WASHINGTON — Lawmakers admonished America’s top military officers over sexual assault in the armed forces on Tuesday, but top brass warned against a plan in Congress to take the cases out of the hands of commanders.
The Senate hearing came after a wave of sexual assault scandals and new Pentagon data showing a steep rise in unwanted sexual contact, from groping to rape, deeply embarrassing the military and prompting lawmakers to try to impose change with new legislation.
“You have lost the trust of the men and women who rely on you that you will actually bring justice in these cases,” said Sen. Kirsten Gillibrand, a D-N.Y.
Sen. John McCain, R-Ariz., said he could not “overstate my disgust and disappointment” over the continued reports of sexual misconduct.
The top uniformed officers of the Army, Navy, Marine Corps, Air Force and Coast Guard sat in a line, listening silently, as did the chairman of the Joint Chiefs of Staff and the top attorneys from each service.
The exceptional display underscored how the problem of sexual assault appears to have exhausted the patience of lawmakers.
“My years of experience in this area tell me they are committing crimes of domination and violence. This isn’t about sex,” said Sen. Claire McCaskill, D-Mo., a former prosecutor who handled sex crimes.
The chiefs appeared to lend their support to an April proposal by Defense Secretary Chuck Hagel that would curb a key power of commanders — their ability to alter verdicts in courts-martial for major crimes such as murder or sexual assault.
But they objected to Gillibrand’s proposal, which would take responsibility for prosecuting sex crimes out of the victim’s chain of command altogether and given to special prosecutors.
“The legislation … is absolutely the wrong direction to go,” said Gen. James Amos, commandant of the Marine Corps.
Gen. Raymond Odierno, Army chief of staff, cautioned against any rush to create new laws overhauling the military justice system, saying, “we cannot simply legislate our way out of this problem.”
Also Tuesday, the U.S. House unanimously passed a bill written by Rep. Chellie Pingree aimed at making it easier for veterans who survive military sexual assault to get benefits.
“The Ruth Moore Act will make a big difference in the lives of tens of thousands of veterans who are survivors of sexual assault in themilitary and are struggling to get the benefits they are owed. Almost every day we hear from another veteran who is fighting for their benefits and has been repeatedly turned down because they are being held to an unreasonably high standard of proof,” Pingree said after the vote.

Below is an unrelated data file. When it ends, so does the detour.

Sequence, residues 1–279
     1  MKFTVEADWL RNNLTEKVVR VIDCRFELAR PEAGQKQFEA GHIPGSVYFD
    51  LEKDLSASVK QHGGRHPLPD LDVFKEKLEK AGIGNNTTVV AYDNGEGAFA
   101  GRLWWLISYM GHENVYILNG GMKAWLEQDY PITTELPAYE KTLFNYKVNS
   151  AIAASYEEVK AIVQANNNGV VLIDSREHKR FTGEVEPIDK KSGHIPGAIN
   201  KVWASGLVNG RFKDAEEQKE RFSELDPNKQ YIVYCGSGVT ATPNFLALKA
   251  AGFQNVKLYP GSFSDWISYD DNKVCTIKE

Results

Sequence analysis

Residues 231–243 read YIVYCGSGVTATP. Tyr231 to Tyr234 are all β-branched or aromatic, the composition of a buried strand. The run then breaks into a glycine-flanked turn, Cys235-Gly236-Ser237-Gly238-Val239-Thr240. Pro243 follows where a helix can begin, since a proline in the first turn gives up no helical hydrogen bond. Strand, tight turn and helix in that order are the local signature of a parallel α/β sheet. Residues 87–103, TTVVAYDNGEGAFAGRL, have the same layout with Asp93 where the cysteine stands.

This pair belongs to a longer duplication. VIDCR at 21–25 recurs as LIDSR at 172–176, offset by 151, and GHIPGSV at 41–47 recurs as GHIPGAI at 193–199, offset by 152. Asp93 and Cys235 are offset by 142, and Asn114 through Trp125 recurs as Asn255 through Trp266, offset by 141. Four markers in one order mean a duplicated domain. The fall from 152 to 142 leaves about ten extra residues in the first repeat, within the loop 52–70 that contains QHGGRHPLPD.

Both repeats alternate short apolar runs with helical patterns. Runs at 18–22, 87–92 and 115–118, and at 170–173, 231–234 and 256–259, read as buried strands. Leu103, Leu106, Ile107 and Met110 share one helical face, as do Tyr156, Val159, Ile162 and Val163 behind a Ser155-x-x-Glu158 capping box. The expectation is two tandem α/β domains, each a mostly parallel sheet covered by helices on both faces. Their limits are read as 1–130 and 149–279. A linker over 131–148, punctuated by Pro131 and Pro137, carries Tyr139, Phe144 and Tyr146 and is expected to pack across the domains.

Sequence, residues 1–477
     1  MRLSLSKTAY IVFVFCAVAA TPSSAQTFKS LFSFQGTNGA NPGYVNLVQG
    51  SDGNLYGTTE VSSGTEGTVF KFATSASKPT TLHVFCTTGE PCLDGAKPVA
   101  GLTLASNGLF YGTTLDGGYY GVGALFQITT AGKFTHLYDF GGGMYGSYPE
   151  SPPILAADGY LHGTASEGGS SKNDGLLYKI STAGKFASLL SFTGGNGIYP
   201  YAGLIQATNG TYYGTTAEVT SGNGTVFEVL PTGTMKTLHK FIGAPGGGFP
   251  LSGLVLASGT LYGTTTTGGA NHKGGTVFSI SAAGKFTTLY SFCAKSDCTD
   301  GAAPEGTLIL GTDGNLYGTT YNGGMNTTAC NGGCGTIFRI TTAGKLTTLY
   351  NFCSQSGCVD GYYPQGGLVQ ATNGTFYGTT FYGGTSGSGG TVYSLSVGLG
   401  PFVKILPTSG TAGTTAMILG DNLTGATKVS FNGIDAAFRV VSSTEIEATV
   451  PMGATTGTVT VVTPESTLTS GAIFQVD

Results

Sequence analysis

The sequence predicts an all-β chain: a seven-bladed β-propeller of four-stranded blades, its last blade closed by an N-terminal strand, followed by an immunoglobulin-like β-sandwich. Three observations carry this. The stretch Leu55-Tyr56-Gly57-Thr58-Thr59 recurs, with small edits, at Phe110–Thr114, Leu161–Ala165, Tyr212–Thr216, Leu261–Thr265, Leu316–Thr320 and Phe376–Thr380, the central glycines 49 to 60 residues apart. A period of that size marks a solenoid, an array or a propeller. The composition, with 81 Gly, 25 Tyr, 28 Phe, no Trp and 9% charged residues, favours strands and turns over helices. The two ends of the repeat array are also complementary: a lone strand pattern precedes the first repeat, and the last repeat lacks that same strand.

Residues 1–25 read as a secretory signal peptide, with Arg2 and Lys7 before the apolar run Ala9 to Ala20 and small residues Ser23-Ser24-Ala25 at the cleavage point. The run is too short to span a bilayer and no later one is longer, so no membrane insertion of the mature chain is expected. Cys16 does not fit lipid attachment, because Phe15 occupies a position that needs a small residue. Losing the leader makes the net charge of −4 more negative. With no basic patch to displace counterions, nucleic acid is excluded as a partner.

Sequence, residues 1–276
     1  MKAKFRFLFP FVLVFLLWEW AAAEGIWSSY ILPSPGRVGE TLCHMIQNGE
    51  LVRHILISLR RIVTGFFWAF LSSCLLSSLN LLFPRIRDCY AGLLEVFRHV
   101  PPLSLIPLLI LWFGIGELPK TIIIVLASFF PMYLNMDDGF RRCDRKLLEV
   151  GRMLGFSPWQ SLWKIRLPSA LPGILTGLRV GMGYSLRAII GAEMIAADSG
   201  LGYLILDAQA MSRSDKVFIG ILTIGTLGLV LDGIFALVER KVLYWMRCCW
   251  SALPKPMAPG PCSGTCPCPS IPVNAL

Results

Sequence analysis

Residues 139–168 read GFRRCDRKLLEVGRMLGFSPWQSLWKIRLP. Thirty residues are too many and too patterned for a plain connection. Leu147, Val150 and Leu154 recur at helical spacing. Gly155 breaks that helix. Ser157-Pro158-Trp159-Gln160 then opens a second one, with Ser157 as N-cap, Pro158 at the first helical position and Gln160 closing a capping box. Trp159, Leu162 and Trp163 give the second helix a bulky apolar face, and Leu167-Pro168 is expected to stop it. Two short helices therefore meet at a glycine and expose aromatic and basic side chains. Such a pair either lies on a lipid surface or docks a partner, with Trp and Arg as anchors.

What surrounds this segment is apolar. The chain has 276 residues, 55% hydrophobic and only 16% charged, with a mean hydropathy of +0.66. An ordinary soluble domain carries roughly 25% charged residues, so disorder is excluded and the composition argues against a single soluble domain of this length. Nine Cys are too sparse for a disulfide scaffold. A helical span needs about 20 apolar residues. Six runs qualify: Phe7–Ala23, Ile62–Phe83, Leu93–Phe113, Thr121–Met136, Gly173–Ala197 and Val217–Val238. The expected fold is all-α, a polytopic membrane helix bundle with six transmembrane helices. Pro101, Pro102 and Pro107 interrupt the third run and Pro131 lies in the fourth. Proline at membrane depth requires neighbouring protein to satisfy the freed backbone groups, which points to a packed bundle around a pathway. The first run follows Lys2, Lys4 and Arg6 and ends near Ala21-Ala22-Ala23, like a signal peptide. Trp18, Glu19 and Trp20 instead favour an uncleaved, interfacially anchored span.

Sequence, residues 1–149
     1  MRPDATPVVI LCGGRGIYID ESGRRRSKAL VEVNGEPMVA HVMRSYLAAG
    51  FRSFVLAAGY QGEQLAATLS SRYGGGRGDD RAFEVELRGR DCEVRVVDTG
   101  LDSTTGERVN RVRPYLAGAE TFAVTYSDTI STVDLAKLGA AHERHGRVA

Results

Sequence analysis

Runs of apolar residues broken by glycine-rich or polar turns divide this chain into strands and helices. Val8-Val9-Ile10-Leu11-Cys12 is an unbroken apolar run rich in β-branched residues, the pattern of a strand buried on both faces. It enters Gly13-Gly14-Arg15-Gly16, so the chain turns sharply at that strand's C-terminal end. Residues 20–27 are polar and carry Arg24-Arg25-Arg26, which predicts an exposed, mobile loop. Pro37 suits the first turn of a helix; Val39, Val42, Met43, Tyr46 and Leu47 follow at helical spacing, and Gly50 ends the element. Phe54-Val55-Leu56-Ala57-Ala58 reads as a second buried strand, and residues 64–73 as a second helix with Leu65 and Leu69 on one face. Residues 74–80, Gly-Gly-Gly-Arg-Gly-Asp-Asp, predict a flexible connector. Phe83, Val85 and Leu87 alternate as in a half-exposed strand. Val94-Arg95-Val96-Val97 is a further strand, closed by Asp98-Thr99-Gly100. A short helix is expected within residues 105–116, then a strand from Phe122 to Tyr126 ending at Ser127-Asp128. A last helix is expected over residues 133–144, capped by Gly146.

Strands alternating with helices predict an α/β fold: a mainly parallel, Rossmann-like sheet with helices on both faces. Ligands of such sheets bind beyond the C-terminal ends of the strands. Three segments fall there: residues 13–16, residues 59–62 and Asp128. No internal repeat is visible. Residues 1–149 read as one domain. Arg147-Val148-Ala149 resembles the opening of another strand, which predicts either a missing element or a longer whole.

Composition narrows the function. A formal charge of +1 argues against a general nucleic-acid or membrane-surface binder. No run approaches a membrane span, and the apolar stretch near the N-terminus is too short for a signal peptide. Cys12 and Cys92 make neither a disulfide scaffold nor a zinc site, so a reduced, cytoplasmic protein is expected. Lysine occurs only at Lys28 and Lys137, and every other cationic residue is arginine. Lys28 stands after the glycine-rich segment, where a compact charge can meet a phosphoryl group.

The bill is named for Ruth Moore, a Maine veteran who fought for 23 years for disability benefits after her sexual assault.
“This is an incredibly important day for the thousands and thousands of veterans who have been fighting for the benefits they are owed,” Moore said. “Since this bill was introduced I’ve heard from over 15,000 veterans who have been in the same situation as me. This bill will change their lives.”
Similar legislation sponsored by Sen. Jon Tester is scheduled to be taken up by the Senate Committee on Veterans Affairs next week.
A study the Defense Department released in May estimated that cases of unwanted sexual contact in the military, from groping to rape, rose 37 percent in 2012, to about 26,000 cases, from 19,000 the previous year.
Lawmakers scorned top brass for failing to break down that data.
“Unwanted sexual contact is everything from somebody looking at you sideways when they shouldn’t to someone pushing you up against the wall and brutally raping you,” McCaskill said.
Outrage in recent months has been fanned by a series of cases of alleged sexual assault across the military. These include accusations leveled against military officials whose job it was to defend victims of sexual assault.
There also has been growing concern about how the military justice system itself works.
In one high-profile case, a senior U.S. military commander in Europe set aside the sexual assault conviction of an Air Force officer, throwing out his one-year prison term and dismissal from the service.
“It’s almost intolerable that we can continue on this current path by allowing the commanders to be in charge at the level they are,” said Sen. Joe Manchin, D-W.Va.
Gillibrand went further, saying that there was still discrimination in the armed forces and that not every commander wanted women in the military.
“Not every commander can distinguish between a slap on the ass and rape,” she said.
Sen. Angus King, I-Maine, told members of the Joint Chiefs of Staff that military leaders must strive to make cultural changes within the service in order to fully and effectively eradicate sexual assault within the ranks, according to a press release from his office.
“We can change the rules and do all of those kinds of things, but it’s a culture that has to change … that this is unacceptable conduct,” King said.
King is a co-sponsor of The Ruth Moore Act of 2013. In a March 13 Armed Services Subcommittee on Personnel hearing on military sexual assault, King underscored the importance of the Ruth Moore Act.
The BDN contributed to this report.